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The Sympathetic Nervous System

Associated with the central nervous system by connecting nerves--but
located outside of it in various parts of the body--are groups of
nerve-cells (gray matter) and their fibers, forming what we call the
sympathetic nervous system--the direct connecting link between mind
and body.

The central nervous system is the director of all conscious action of
the body; the sympathetic orders all unconscious action.

The beating of the heart, the contraction of the blood-vessels, hence
the flowing of the blood, the processes of digestion, the functioning of
the glands, are all directed by the sympathetic. In other words, the
central nervous system normally controls the movements of the
voluntary muscles; the sympathetic controls those of the involuntary

The quick blush, the sudden paling of the cheeks, the start of fear, the
dilated pupils of fright are the direct result of the action of
involuntary muscles under control of the sympathetic system. The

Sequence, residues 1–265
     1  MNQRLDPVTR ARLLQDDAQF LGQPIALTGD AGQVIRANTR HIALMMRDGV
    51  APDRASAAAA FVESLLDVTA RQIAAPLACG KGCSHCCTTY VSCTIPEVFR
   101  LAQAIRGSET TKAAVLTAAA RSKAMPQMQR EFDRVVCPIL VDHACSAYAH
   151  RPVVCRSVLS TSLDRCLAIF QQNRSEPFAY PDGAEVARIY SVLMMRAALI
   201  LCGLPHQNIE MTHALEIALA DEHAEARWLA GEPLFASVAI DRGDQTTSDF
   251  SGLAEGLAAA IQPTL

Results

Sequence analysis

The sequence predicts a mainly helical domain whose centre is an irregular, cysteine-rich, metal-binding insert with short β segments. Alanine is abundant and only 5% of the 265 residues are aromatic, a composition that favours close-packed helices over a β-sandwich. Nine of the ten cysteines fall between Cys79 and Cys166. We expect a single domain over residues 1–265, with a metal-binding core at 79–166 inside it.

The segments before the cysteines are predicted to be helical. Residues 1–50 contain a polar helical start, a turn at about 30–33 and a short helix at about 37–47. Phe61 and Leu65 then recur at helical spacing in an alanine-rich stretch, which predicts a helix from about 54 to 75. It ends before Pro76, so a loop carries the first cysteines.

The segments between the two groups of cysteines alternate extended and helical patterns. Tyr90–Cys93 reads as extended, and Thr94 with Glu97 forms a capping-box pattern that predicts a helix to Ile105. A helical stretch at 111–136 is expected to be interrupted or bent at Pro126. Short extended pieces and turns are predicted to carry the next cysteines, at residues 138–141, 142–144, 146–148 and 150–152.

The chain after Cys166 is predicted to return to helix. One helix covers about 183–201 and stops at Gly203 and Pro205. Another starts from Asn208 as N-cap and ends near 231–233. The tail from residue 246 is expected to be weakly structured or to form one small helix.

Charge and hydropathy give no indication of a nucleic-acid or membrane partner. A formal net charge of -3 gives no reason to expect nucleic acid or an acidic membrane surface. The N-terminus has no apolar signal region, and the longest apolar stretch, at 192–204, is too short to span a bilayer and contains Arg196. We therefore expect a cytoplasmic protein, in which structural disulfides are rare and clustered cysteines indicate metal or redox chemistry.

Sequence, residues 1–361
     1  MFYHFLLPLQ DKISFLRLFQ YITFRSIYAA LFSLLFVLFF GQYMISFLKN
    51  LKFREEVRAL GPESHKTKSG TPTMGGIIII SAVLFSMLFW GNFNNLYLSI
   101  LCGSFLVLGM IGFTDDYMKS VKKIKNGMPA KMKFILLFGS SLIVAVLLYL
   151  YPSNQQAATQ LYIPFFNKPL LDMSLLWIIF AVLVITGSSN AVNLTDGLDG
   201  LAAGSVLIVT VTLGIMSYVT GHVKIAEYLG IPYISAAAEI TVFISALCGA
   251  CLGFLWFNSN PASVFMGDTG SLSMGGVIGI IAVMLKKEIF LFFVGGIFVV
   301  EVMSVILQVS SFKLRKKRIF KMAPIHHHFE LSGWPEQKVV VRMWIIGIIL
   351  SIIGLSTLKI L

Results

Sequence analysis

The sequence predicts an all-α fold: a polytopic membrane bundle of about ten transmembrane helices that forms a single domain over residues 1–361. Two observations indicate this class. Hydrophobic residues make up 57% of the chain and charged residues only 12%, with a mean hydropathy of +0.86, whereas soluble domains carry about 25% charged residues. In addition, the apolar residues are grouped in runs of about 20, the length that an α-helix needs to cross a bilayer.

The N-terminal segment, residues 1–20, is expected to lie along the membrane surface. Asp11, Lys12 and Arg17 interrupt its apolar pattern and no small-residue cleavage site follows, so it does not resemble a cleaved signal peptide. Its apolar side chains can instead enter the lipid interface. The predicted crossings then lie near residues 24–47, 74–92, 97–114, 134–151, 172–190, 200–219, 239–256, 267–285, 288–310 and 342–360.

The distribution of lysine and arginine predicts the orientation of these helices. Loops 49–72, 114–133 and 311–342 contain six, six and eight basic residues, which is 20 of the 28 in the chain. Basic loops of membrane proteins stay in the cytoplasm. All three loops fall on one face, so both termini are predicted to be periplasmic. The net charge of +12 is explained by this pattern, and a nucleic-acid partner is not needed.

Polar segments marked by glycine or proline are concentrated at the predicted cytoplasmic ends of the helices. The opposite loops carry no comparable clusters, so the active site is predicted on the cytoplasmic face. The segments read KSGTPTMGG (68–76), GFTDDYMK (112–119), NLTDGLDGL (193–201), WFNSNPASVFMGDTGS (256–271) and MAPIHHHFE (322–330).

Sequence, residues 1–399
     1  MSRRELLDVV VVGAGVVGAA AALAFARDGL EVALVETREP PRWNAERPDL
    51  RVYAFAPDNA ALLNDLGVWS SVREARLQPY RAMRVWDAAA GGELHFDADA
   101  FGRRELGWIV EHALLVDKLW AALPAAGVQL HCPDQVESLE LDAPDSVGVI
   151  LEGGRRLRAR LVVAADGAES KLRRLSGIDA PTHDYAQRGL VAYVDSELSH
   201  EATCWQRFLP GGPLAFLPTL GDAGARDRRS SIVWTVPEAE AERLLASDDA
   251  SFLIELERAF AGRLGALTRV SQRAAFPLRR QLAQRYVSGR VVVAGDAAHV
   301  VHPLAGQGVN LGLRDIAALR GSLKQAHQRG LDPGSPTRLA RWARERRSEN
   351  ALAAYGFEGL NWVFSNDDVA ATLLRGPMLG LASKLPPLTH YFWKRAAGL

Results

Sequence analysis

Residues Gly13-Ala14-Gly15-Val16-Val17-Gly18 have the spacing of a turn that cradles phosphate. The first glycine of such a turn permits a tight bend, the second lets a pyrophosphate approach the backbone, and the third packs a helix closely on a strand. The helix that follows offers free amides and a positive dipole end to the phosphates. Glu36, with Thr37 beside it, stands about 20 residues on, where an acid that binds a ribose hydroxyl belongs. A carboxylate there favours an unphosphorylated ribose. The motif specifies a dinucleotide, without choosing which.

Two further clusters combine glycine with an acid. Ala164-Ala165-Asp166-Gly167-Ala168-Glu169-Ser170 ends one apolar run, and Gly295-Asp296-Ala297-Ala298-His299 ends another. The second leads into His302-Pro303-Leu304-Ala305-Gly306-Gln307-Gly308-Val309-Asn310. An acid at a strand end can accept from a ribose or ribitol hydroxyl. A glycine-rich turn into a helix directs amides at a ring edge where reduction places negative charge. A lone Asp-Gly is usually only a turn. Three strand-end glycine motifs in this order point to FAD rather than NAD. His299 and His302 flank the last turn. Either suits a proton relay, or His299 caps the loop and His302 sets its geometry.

stimulus is received by the central nervous system; the fibers
connecting the central and the sympathetic systems carry the message
quickly to the latter, which immediately respond by ordering contraction
or expansion of involuntary muscles. So tears flow, we breathe freely
again or we quake and tremble, our pupils widen or contract, the heart
beats suffocatingly, or seems almost to stop.

The sympathetic system, as the name implies, is influenced by
suggestions from the emotions rather than from the intellect. We might
say that it is controlled by the "feeling mind" rather than the thinking
mind, for intellect cannot influence it in the least.

The wise nurse, who knows something of the laws of the mind, soon
realizes that the sympathetic nervous system, rather than physical
disability, causes many indigestions, headaches, diarrheas, dry mouths,
chills; is responsible for much nausea, much "exhaustion," etc. When she
has had wider experience she finds that almost any known physical
disorder can be unconsciously imitated by the suggestible patient, whose
sympathetic nervous system causes physical reactions to respond to the
feelings of a sick mind. Let the nurse remember, however, that is it not
for her to decide whether the disorders from which her patient suffers
are of physical or nervous origin. It is for her, on the other hand, to
study her patient's mentality and reactions, and to become expert in
reporting symptoms of nervous as well as of physical significance.

Next: Relation Of Mind And Body

Previous: The Central And Peripheral Nervous Systems In Action

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